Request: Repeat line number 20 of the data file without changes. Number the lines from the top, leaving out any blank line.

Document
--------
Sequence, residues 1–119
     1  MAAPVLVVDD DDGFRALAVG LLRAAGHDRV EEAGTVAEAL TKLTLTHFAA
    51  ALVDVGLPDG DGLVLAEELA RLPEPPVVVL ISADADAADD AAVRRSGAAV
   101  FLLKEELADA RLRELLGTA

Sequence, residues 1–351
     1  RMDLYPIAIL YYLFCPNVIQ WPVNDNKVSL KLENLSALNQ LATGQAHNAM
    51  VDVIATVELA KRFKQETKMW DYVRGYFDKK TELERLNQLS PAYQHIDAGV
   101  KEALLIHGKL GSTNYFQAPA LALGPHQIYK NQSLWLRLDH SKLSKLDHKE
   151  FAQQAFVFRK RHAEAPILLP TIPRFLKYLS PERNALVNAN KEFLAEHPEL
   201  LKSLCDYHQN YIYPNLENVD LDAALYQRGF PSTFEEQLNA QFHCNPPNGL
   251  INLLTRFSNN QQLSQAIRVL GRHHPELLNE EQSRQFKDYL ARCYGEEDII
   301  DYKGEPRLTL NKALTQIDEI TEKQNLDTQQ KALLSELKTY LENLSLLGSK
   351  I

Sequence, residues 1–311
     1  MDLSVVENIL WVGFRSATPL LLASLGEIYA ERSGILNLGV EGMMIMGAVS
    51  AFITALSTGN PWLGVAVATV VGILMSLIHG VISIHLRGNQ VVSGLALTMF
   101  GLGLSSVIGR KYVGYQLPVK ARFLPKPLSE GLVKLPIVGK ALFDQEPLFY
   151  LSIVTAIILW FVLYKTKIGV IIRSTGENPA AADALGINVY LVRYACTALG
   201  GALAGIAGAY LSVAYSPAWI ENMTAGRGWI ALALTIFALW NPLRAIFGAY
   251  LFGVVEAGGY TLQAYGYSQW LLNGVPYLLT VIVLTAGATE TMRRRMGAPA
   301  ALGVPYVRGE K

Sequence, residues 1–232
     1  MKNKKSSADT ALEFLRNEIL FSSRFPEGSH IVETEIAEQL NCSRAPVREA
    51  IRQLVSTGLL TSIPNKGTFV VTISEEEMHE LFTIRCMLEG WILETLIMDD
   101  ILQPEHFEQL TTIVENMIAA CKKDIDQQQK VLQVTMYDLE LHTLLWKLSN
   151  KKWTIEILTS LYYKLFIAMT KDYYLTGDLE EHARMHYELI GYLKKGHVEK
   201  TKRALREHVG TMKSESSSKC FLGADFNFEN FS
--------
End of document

   251  LFGVVEAGGY TLQAYGYSQW LLNGVPYLLT VIVLTAGATE TMRRRMGAPA